Before you begin a job interview, you’re judged on a number of things. The interviewer has reviewed your resume and application, and potentially even your social media. They will mentally notice your appearance and how you interact with those around you. What time you arrive can also play a large part in their perception.

Arriving early is crucial, but you don’t want to be so early that you look a little desperate. Planning to get there on time is planning to be late because you need wiggle room in case something goes wrong. If everything goes smoothly and you’re very early, you can relax and prepare in your vehicle before going in. Sometimes, despite your best efforts, things still go wrong, and you can’t make it on time. When that happens, don’t panic! Remember the following tips.

Give Them a Heads Up

Instead of assuming it will be fine because you’re only going to be a few minutes late, give them a courtesy call if possible. Let me know what happened and when you should be arriving. Offer to reschedule if later doesn’t work with them, and they’re willing to still see you.

Take a Moment to Breathe

If the interview is still happening, give yourself a few moments to calm down before going in. This will allow you to mentally prepare for what’s ahead and leave for what’s behind. If you just rush in, you might be filled with adrenaline and too frantic to give a proper interview. You don’t want to delay any longer, but it’s better for everyone if you breathe first.


Keep the Apology Simple

Your inclination might be to over-apologize and constantly reference your tardiness, but that can work against you. When you enter, briefly apologize, explain this isn’t like you, and move on. Continuing to babble won’t change what time you arrived, but it will take away from the interview moving forward.

Stay Positive

It can be really easy to take the apology into a spiral of regret and negativity. This is why moving on quickly is so important. You want to keep things light both for those interviewing you and for yourself.

Impress Them Despite Everything

Adaptability is an important skill, and now you have the perfect chance to show it off. You’ve entered the room calmly, offered a brief explanation and apology, and now you’re behaving as if you didn’t just have the most stressful 15 minutes of your life. This can speak to how you operate under pressure and ultimately work in your favor.

Now Looking for Performers

Companies trust us to find talents because we only bring in the ones who know their craft and do the job well. If you have skills in manufacturing, light industrial, warehouse or office work, we want to match you with an employer. Get started with our staffing specialists today!



Most companies work toward a strong company culture. In today’s world, they understand how valuable it is in both attracting talent and reducing turnover. Maybe in your own place of business, you’re proud of what you’ve built and believe it contributes to employee happiness.

Sometimes a thriving culture can start to fail. The energy that used to pulse around the office now barely hums on a good day, and there’s a lack of enthusiasm that can be felt. Resignation letters start arriving, and the ones who stay clearly aren’t satisfied. Rather than letting your culture fail you, pay attention to these red flags alerting you to a problem.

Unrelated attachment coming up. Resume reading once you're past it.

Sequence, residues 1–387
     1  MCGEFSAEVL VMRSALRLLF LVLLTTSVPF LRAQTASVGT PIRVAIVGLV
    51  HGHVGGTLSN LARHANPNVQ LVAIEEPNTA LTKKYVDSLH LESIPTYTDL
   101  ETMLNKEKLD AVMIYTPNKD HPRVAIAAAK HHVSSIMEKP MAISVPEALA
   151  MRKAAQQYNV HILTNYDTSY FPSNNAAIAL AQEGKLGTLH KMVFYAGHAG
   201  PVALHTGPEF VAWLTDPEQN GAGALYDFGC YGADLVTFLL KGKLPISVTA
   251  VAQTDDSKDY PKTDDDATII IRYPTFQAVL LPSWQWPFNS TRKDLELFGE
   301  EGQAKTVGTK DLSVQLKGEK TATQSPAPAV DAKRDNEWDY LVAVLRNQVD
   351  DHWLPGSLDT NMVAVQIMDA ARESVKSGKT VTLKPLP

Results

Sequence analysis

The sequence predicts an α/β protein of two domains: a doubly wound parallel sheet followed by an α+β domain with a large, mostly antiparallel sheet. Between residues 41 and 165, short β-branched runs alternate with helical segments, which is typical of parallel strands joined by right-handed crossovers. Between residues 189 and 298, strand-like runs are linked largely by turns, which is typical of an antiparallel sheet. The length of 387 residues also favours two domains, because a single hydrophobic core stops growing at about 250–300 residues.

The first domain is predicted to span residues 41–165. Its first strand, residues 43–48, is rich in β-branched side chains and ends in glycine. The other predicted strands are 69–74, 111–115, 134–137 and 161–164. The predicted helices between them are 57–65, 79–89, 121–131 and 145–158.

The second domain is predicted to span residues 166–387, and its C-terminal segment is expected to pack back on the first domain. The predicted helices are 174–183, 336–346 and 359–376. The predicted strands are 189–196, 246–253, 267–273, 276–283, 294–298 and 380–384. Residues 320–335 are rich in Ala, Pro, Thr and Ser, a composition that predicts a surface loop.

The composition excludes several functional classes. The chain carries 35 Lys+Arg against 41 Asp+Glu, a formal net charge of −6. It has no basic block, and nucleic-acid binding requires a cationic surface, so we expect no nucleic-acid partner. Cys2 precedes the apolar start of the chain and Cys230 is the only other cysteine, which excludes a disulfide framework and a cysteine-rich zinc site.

1. The Buzz is Gone

A once-lively office is now silent, with only the sounds of shifting weight and keyboard clicks. Instead of walking to bounce an idea off of someone, your employees opt for emails. There’s no small talk around the water cooler or laughter about a weekend adventure. Once the crickets come out, you should be worried.

2. The Lunchroom is Empty

Similar to a workspace devoid of noise is a lunchroom devoid of people. Instead of gathering during the lunch hour to take a real break and talk, your team chooses to sit in silence at their desks. Either they keep working or entertain themselves with no desire to speak to anyone else. Comradery is key when it comes to a healthy culture, and losing the lunchroom bonding can indicate you’re heading downhill.


3. People Have Stopped Caring

When your employees are content, they’re more likely to take care of their workspace. As your culture declines, you might notice junk and dust piling up. Gone are the days of people caring about their surroundings; now they opt for filth because they don’t care enough to clean anything.

4. There’s a Lack of Initiative

In your prime, everyone wants to be a part of the challenges. Volunteers are easy to find, and everyone works together to come up with creative solutions. Now, no one takes the initiative to go above and beyond.

5. Everyone Is Pointing Fingers

In a healthy culture, blame is shared when something goes wrong. A team is accountable, instead of a person. When things go south, people begin playing the blame game and calling out someone who is at fault. This is a survival technique, whereas companies thrive when the team sticks together.

Company Culture Depends on Who You Hire

To maintain a positive company culture, you want to bring in employees who get it and are dedicated to preserving it. Good help like this is hard to find, except when you work with Workbox Staffing. We deliver the top talent, tested to make sure they’re the best. Find out how our staffing experts can help you today!



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